A cardiac CT is a specialized form of an x-ray scan. CT stands for computed tomography, and tomography is the use of x-rays to create images of the body in cross-section.
During a CT scan, the x-ray machine moves around the patient's body in a circle taking pictures along the way. Each picture is a small “slice” of the heart and surrounding blood vessels. The computer then combines these images to create a three-dimensional view that is so clear and detailed, physicians can detect even the most subtle early indications of coronary disease.
The cardiac CT is most often used to evaluate common cardiac symptoms such as chest pain, shortness of breath, palpitations, dizziness or syncope (fainting).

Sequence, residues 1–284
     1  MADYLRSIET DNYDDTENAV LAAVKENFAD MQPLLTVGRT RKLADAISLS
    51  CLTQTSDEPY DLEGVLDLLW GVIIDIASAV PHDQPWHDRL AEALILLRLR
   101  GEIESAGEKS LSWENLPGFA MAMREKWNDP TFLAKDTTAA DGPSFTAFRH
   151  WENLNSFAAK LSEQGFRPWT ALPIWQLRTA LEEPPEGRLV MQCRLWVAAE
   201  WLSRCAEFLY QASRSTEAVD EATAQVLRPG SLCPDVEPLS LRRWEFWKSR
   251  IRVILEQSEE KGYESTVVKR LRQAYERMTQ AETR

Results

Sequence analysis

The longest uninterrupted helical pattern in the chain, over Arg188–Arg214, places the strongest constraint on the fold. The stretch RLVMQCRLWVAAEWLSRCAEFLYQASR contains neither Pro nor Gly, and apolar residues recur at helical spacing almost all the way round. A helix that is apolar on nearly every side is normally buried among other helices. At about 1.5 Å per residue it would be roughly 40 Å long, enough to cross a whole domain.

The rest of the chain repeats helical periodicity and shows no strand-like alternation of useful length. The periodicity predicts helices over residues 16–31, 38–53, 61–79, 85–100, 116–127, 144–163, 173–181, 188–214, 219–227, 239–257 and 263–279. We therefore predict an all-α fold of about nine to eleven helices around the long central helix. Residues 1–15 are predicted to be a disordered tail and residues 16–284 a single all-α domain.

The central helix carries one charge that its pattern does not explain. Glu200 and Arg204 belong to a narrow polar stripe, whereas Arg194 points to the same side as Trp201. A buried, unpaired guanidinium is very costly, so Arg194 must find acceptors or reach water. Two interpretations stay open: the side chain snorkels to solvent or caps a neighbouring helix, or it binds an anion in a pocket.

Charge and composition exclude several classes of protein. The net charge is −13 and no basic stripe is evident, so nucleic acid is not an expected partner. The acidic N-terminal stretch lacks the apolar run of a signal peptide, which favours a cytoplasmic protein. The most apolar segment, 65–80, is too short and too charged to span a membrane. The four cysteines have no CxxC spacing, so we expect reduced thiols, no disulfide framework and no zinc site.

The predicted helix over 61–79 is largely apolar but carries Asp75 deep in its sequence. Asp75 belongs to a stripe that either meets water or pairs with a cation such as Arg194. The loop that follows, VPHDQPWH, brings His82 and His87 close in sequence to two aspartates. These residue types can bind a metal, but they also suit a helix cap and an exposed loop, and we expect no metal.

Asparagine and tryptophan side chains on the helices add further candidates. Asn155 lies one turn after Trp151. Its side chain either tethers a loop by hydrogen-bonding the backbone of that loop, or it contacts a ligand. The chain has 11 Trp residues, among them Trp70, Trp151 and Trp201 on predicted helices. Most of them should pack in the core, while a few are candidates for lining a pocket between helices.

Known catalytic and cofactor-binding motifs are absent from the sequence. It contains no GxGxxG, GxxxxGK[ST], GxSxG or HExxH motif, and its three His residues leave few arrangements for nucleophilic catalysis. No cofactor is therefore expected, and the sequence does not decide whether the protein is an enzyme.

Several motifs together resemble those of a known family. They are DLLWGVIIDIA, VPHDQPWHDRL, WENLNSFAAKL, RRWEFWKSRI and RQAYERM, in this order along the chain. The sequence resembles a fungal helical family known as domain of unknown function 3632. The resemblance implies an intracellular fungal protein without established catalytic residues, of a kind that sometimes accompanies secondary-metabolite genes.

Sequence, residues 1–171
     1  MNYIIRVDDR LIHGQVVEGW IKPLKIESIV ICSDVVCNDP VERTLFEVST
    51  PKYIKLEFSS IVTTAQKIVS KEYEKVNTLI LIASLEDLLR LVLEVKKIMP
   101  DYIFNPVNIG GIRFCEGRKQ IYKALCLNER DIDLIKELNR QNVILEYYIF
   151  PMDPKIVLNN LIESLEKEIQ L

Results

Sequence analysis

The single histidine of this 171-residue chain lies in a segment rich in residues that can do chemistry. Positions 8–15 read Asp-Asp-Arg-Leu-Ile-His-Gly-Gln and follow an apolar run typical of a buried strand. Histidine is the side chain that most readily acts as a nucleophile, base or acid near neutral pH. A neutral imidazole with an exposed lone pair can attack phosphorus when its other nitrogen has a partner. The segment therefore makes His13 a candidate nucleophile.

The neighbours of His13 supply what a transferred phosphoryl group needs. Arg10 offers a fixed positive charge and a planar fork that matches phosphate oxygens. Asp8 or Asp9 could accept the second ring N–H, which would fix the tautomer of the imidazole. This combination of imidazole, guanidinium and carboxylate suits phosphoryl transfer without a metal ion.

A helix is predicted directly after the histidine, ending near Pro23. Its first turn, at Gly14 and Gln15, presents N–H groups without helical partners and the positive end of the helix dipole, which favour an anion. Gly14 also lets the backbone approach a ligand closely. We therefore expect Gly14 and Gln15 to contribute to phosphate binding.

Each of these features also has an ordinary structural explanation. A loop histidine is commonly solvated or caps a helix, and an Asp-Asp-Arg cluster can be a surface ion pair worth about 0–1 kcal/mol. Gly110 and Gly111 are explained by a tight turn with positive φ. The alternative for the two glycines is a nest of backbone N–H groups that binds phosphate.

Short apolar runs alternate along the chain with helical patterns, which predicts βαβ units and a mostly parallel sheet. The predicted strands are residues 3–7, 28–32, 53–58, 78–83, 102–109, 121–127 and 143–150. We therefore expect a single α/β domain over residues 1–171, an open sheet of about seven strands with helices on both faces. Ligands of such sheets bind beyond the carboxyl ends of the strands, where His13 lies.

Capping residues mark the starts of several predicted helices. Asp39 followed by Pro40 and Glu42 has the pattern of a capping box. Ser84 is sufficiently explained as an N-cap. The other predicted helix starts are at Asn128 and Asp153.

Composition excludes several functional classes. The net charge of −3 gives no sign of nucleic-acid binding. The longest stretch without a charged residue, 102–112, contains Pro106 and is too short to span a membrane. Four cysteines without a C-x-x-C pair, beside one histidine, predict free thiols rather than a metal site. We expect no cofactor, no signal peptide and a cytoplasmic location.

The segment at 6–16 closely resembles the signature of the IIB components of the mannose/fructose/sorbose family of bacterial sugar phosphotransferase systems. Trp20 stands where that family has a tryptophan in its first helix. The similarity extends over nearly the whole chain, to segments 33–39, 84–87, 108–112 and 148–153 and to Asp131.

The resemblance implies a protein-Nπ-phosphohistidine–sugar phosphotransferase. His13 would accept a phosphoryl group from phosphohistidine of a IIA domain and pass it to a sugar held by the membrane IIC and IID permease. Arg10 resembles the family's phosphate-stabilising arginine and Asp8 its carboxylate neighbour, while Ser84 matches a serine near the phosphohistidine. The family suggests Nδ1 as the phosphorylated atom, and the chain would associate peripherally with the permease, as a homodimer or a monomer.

The cardiac CT is a painless exam. During the procedure, the patient lies flat on a table that passes through a circular machine. The patient's head and feet are positioned outside of the machine on either end. Only about 15 inches of the patient's body are actually “inside” the machine (even claustrophobic patients usually feel comfortable inside a CT scan machine). The scan typically takes about ten minutes.
For some patients, the cardiac CT is performed with intravenous contrast or “dye” (the use of dye depends on the reason for the exam and will be indicated by the referring physician). If contrast or “dye” is required for the exam, it will be administered by injection. The dye is used to highlight particular blood vessels.